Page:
The Glovers children were present at the home when the incident happened.  Krista Glover had been drinking throughout the day and started yelling profane insults at Lucas Glover in front of their children and his mother.  Lucas Glover told her to stop the argument while in front of the children.  The children were in bed when the physical altercation happened, and it is unknown if they observed any of the altercation or the subsequent arrest afterwards where Krista Glover allegedly resisted arrest. The couple was married in 2012 and have two children, a two-year-old son and a 5-year-old daughter.

The consequences of arguments in front of the children can be serious to both the aggressor and the victim.  The Florida Department of Children and Families may become involved if they receive an abuse report to investigate regarding the situation, which could even lead to possible removal of the children from both parties if it is alleged Lucas Glover failed to protect the children from multiple instances.  Also, it is key that alcohol was involved.  Drinking is perfectly legal and acceptable; as long as there is not a demonstrable effect on the children.  If there is a demonstrable effect on the children, alcohol treatment would most likely be ordered by a dependency court.

Mother and childBeing served with a termination of parental rights petition is the first step to a complicated process in the state of Florida.  A termination of parental rights petition must include facts alleging that at least one of the grounds listed in F.S. 38.806 has been met and that granting the petition would be in the manifest best interests of the child or children as listed in F.S. 39.810.  No answer to the petition is required, but if you answer, the petitioner will need the court’s approval to amend their petition later.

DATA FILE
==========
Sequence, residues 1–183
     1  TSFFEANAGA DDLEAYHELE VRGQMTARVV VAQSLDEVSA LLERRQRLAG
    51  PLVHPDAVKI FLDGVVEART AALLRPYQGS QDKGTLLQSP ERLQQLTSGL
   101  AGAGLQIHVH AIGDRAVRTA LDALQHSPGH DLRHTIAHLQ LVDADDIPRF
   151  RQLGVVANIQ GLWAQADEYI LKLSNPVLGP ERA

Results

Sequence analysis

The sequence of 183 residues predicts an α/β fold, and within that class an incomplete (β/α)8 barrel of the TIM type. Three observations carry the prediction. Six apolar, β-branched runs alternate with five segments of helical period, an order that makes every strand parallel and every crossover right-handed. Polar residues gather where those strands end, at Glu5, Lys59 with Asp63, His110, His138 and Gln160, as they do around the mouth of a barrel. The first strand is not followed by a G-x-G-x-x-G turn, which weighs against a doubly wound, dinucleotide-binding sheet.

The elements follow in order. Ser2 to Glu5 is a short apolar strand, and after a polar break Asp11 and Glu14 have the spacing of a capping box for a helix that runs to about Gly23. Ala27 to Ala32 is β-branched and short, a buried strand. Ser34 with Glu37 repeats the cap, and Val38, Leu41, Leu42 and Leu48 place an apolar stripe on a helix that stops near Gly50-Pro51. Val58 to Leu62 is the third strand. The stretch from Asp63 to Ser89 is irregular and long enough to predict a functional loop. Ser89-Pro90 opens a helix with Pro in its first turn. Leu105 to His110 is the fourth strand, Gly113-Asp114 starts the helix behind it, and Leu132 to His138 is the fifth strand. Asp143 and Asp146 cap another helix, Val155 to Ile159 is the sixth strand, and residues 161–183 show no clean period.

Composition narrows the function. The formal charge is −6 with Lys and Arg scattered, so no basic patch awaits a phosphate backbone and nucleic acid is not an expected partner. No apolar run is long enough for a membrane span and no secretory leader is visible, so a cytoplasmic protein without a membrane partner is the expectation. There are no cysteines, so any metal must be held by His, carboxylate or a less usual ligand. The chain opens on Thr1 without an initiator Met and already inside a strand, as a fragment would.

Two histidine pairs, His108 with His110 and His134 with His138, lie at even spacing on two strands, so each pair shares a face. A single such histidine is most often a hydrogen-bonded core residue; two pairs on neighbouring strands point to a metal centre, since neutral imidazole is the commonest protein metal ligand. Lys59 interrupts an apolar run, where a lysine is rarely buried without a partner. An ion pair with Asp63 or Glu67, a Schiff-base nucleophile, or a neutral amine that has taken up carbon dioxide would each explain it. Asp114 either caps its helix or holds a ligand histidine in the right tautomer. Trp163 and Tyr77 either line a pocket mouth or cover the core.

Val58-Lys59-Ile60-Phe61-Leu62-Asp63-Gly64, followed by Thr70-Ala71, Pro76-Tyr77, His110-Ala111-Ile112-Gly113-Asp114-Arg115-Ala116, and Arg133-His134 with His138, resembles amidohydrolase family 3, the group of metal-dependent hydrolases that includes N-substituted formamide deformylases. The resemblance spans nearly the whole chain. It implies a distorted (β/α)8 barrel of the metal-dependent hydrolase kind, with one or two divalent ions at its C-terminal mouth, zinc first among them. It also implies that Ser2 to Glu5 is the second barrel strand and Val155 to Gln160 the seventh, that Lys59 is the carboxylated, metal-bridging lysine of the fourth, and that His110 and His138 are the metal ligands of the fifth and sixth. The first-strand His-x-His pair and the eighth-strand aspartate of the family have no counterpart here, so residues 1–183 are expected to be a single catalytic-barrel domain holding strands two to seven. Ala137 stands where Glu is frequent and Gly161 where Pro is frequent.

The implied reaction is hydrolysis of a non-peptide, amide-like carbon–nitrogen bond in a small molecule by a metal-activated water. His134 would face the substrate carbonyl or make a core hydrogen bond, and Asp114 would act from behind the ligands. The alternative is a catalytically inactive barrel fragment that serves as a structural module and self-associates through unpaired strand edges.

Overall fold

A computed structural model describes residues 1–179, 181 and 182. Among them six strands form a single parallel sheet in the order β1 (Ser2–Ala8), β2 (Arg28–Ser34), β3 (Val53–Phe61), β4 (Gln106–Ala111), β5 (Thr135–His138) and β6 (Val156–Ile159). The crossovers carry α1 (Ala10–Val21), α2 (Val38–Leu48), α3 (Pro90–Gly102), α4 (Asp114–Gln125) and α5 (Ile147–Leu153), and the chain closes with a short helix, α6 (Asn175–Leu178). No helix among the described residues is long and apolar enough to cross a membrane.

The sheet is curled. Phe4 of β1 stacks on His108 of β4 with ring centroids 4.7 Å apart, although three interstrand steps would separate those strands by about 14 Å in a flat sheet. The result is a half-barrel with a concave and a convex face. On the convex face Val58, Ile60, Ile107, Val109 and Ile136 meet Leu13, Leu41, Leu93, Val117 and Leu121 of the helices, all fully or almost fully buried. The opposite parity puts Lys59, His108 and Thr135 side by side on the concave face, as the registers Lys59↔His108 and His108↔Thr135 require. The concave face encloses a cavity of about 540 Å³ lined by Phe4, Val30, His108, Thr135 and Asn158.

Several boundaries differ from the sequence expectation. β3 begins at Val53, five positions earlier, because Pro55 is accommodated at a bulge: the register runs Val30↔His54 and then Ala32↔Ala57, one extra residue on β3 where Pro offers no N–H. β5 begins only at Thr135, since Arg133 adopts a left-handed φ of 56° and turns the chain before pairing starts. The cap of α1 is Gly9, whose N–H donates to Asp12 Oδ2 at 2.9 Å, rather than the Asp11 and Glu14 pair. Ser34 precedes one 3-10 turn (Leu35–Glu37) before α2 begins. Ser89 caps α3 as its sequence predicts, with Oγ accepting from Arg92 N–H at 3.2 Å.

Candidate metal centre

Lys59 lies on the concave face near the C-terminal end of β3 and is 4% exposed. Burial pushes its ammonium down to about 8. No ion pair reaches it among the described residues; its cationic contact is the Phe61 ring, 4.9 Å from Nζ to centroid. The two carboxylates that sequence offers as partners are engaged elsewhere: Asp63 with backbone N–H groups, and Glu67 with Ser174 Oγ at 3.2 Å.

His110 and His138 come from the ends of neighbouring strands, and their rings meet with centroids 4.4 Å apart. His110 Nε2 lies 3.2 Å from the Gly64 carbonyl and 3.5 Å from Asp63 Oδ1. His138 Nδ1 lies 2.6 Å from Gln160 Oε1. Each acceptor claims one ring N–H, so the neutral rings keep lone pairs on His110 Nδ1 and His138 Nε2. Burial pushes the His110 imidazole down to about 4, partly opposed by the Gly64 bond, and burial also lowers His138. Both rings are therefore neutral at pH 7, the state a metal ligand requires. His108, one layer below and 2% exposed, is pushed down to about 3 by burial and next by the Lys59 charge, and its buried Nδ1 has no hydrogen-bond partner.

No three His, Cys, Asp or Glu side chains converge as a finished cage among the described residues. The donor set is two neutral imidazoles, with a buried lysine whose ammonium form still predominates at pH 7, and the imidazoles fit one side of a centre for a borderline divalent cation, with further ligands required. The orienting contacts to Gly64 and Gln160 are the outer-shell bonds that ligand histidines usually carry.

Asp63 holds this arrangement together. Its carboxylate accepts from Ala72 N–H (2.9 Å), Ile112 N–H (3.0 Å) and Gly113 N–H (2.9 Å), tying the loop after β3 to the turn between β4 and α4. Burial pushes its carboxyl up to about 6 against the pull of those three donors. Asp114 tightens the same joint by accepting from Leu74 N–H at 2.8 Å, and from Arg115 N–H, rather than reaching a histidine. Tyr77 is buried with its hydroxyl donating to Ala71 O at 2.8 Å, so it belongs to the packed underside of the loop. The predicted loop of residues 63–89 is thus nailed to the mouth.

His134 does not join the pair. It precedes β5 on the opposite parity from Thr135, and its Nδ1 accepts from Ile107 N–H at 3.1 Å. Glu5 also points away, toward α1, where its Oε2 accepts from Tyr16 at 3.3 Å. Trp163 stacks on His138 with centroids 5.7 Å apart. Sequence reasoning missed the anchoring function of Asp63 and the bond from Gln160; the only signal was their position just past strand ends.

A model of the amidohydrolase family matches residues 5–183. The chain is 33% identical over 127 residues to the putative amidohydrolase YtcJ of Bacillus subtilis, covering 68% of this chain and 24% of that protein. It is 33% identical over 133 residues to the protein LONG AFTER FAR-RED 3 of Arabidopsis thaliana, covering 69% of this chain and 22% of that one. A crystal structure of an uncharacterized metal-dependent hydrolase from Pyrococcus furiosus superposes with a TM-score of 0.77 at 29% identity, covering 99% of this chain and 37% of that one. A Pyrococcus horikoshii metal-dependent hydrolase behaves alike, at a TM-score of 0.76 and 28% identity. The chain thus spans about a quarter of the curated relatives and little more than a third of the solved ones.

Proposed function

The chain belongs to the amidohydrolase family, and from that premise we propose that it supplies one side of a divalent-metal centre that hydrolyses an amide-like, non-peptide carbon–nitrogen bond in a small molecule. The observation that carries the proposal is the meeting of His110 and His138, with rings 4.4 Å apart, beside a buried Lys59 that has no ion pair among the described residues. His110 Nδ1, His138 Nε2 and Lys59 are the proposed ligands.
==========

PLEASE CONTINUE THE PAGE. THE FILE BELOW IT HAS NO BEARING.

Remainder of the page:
Grounds for termination are as listed:

(1)      Voluntary surrender:  When you have signed a written surrender of their parental rights to the child(ren)

Yesterday we looked at laws Jacksonville, Florida parents should know about. Here are a few more.

9. My kid is always bruised from playing. His teacher suspected we were abusing him and called the police and DCF on us. Why did she do that?
She was following Florida law, which requires any person who believes that a child is being abused, neglected or exploited to report the suspicions to the Department of Children and Families (DDCF). The law provides the person making the report with immunity, as long as she acted in good faith. If your son’s teacher hadn’t reported her suspicions, she could have been charged with a crime.

10. What does a child need to know before entering kindergarten?
Admission to a public kindergarten is not contingent upon what a child knows; if the child meets the age requirement, he or she is eligible for admission. The Florida Partnership for School Readiness has published “Performance Standards” for 3, 4, and 5 year olds. Those standards reflect what children should know and be able to do. You may access that information and other resources from the Partnership’s website. In addition, the Sunshine State Standards provide expectations for student achievement in Florida. These were written in seven subject areas, each divided into four separate grade clusters (PreK-2, 3-5, 6-8, and 9-12).